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When It Rains, It Pours For The Astros

The results aren’t pretty and depth is being tested. In other news, welcome to April.

MLB: Los Angeles Angels at Houston Astros Troy Taormina-USA TODAY Sports

It is an understatement to say that the Astros haven’t had a strong start to their season. While the club currently possesses a 6-6 record, the overall results have been lackluster, with an offense ranked among the bottom ten in baseball by wRC+ and an inconsistent rotation. At least the bullpen has generally been good in a short sample.


  • .199 batting average (27th)
  • .282 on-base percentage (27th)
  • .355 slugging percentage (17th)
  • 92 wRC+ (20th)


  • 4.45 ERA (19th)
  • 3.90 FIP (15th)
  • 8.5% K-BB% (25th)

A .500 record feels about right.

Recent performances by Jose Urquidy, Framber Valdez, and Jake Odorizzi have left fans furrowing their brows more than usual. Plus, the Astros are without the services of Lance McCullers Jr. and Jose Altuve, as the former is not likely to pitch in a game until June. However, it is only April, so it is premature to declare that the season is in jeopardy. The lineup — sooner or later — will come to life and help drive this club’s performance higher. Kyle Tucker can only be unlucky for so long before the hits start coming in bunches. I’d figure that the pitching staff, particularly the rotation, will right itself. But the loss of Altuve to a hamstring strain, even in the short term, puts additional strain on this roster’s positional depth, which is arguably Houston’s biggest weakness.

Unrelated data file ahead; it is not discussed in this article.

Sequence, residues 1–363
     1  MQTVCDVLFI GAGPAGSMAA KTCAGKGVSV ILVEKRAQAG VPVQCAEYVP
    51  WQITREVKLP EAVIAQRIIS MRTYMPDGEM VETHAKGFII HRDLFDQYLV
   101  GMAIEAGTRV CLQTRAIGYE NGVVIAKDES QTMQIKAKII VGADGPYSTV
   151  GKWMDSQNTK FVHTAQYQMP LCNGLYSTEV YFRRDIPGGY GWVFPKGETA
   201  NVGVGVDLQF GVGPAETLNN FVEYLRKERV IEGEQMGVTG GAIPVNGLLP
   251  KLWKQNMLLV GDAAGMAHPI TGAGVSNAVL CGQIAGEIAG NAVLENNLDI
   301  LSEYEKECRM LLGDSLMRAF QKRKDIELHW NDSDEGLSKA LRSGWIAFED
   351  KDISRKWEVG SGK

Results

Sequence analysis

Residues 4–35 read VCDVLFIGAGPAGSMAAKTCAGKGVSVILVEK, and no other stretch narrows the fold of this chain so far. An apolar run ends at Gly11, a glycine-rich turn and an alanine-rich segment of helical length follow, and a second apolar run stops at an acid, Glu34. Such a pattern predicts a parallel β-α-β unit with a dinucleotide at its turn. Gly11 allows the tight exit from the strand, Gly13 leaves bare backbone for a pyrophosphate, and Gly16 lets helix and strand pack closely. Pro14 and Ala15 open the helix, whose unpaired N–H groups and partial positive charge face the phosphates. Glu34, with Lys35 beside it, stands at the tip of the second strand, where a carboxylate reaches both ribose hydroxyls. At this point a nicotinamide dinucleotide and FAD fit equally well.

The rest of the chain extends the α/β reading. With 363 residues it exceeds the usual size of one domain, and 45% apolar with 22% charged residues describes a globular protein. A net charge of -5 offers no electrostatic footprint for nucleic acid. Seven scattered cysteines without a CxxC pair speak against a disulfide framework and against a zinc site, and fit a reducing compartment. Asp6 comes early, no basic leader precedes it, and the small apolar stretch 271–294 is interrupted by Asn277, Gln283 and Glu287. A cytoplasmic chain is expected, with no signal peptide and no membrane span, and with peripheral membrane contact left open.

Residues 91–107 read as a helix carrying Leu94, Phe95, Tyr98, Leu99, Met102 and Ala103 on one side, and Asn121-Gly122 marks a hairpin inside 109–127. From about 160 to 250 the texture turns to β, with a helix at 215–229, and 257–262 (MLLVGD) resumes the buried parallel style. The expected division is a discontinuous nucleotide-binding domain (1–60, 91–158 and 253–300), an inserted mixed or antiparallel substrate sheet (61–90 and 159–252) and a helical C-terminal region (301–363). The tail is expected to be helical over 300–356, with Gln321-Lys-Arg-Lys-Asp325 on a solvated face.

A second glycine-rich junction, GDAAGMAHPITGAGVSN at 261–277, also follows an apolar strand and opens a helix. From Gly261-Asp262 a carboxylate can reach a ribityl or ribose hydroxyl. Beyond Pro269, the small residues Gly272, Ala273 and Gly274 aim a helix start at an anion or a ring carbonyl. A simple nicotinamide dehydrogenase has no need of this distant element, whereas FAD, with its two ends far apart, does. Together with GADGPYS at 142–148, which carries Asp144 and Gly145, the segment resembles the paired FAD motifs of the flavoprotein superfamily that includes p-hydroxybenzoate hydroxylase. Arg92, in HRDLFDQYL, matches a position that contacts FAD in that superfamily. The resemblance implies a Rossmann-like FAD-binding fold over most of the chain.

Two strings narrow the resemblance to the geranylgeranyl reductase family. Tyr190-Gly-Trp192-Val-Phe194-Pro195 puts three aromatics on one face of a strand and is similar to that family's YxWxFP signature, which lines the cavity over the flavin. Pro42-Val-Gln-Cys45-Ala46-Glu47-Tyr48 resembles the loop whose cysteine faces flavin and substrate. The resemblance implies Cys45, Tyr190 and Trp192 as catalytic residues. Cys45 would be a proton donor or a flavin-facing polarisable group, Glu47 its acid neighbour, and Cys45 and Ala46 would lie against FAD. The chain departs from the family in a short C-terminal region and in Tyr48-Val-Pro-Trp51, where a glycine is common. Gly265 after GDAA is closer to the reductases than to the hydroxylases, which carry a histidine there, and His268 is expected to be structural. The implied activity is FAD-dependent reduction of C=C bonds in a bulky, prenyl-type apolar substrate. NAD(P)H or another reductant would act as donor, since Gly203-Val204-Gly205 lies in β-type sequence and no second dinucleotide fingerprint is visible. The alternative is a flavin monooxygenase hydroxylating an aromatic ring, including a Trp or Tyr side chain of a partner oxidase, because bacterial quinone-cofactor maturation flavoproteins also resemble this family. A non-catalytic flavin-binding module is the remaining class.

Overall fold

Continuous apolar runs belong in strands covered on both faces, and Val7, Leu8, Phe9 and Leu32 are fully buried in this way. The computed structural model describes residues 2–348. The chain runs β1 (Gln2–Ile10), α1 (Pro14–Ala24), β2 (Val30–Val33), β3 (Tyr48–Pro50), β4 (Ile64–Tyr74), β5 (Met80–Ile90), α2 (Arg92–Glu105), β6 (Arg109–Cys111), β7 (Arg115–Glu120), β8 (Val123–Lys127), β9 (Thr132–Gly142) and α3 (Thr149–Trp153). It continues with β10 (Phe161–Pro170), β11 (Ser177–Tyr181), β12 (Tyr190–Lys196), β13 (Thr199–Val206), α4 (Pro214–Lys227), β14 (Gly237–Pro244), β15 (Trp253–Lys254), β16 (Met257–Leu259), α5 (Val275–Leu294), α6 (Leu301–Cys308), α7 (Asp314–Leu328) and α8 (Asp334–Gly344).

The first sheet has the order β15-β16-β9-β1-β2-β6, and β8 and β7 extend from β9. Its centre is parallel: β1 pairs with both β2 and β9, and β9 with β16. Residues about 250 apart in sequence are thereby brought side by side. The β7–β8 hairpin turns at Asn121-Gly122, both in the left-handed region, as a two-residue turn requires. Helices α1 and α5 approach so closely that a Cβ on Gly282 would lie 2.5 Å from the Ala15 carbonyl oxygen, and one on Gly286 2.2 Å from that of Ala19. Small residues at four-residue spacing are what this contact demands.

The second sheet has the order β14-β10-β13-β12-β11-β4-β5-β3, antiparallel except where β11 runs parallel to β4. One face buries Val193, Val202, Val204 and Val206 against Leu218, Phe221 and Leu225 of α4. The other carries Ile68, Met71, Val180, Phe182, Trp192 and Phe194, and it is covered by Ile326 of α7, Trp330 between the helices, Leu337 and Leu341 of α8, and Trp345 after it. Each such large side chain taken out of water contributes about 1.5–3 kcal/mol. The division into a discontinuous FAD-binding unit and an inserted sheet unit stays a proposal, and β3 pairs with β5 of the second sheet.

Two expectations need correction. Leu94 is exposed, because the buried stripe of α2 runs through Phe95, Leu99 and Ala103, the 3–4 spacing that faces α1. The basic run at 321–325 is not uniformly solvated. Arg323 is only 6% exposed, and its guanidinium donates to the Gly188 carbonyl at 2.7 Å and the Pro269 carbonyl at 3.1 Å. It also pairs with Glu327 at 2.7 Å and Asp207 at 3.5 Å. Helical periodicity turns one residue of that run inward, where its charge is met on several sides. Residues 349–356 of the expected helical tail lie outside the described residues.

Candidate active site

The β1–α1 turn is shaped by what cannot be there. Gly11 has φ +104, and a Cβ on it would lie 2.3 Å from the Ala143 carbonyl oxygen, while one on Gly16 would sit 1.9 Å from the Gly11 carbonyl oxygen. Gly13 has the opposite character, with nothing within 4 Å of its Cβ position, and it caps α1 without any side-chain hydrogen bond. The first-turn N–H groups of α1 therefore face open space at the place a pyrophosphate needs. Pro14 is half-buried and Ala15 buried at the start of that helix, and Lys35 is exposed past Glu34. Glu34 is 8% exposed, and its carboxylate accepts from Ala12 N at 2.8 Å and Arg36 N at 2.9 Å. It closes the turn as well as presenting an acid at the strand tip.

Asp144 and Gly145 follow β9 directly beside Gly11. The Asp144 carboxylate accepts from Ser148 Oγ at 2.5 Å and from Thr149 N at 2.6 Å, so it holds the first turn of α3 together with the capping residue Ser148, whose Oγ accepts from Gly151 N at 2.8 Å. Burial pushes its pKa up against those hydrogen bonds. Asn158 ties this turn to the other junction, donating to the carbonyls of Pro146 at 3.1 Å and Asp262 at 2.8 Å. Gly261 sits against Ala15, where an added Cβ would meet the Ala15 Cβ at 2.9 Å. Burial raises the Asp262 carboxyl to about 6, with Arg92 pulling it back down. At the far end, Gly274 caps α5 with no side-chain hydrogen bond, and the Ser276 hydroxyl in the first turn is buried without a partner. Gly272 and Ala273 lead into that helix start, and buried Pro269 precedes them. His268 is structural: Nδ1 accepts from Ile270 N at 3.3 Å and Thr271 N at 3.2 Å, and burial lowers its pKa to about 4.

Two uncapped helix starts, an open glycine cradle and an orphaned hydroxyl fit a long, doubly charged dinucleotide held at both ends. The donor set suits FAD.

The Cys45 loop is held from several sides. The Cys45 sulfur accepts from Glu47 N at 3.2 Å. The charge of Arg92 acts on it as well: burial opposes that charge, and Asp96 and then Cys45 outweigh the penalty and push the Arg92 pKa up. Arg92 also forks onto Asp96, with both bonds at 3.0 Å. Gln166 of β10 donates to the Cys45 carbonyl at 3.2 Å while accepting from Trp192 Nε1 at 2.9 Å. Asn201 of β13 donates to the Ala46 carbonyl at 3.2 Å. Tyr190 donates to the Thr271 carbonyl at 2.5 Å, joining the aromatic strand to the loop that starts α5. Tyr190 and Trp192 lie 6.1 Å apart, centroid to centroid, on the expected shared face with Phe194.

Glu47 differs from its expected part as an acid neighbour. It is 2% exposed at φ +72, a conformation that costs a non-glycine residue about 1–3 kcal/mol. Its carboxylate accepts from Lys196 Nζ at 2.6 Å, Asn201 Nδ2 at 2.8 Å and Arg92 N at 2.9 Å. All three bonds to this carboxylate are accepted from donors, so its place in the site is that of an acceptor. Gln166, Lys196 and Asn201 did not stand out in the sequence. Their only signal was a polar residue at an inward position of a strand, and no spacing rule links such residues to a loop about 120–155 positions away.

Niko Goodrum — a below-average hitter in the past three seasons — is the presumptive second baseman most days while Altuve is out. Outside of Aledmys Díaz, there isn’t much infield depth on this roster, and it shows. While Joe Perez or J.J. Matijevic may provide some offensive value in bursts, a contending club could have to rely upon two players with a combined one Major League plate appearance isn’t encouraging. While the hope is for Altuve to heal and return to the lineup in relatively short order, soft tissue injuries, especially in the lower body, are a lingering concern. After all, we saw what happened with Alex Bregman in recent seasons with his injury history. Add the history of Díaz as well, and there are legitimate concerns about this infield if certain events occur.

Again, the sample is small, and the Astros are not playing up to their full capabilities. Tucker, for example, won’t carry a 33 wRC+ all season long. Even if there are concerns about Yuli Gurriel’s staying power at nearly 38-years old, he won’t hit .147/.171/.265 all season long. Jake Odorizzi will likely finish the season with a 4.27 ERA in twenty-some starts. Hopefully, Altuve won’t miss too much time, and the infield depth chart remains intact. Outfield depth should take a step forward once Jake Meyers returns. But this roster has to navigate another April when a slow start persists and depth is tested. It worked out well last year, but there are no guarantees this year.